“Hot spot” from the eruption of the Tungurahua volcano in Ecuador

December 4th, 2010 |
GOES-13 (left) and GOES-12 (right) 3.9 µm shortwave IR images

GOES-13 (left) and GOES-12 (right) 3.9 µm shortwave IR images

McIDAS images of GOES-13 and GOES-12 3.9 µm shortwave IR (IR channel 2) data (above) revealed the “hot spot” (yellow to red color enhancement) due to the eruption of the Tungurahua volcano in the South American country of Ecuador on 04 December 2010. The summit of the volcano is located south-southeast of the city of Latacunga (station identifier SELT). According to an ash advisory issued by the Washington DC Volcanic Ash Advisory Center (VAAC), ash was estimated to be extending upward to altitudes about 26,000 feet around this time.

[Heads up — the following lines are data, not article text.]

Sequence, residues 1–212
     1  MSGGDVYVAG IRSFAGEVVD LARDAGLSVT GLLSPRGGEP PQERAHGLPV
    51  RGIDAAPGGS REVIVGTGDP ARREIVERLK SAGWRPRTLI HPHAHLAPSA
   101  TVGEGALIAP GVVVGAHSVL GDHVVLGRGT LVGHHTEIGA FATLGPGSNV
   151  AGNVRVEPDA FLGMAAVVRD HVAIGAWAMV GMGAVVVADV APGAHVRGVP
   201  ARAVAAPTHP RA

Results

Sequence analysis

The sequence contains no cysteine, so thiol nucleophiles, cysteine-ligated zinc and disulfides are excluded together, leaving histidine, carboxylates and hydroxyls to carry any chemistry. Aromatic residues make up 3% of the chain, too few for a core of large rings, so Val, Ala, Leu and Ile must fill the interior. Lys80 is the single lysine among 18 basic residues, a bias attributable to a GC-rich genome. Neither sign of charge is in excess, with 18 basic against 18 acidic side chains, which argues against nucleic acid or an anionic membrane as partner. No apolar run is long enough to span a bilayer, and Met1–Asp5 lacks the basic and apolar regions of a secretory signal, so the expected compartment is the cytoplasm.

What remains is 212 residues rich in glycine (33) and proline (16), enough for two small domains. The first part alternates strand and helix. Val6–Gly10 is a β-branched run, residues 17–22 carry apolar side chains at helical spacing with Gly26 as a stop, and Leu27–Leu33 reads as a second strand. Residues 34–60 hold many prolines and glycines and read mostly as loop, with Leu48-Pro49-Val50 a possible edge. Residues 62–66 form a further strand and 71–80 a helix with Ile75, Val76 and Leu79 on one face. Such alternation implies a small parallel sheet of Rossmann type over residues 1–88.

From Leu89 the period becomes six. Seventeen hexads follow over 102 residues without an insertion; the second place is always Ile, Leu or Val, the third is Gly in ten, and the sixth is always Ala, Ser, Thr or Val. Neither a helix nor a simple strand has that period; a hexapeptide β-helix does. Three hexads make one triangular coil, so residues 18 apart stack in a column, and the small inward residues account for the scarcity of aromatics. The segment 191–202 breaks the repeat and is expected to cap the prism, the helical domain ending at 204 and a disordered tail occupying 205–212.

Note that at times there are sight differences in the size and intensity of the volcano hot spot, due to the different viewing angles from the GOES-13 satellite (located at 75º West longitude) and the GOES-12 satellite (located at 60º West longitude). Also note the improved image navigation and registration (INR) with GOES-13, which keeps the volcano hot spot centered at the same location during the image animation.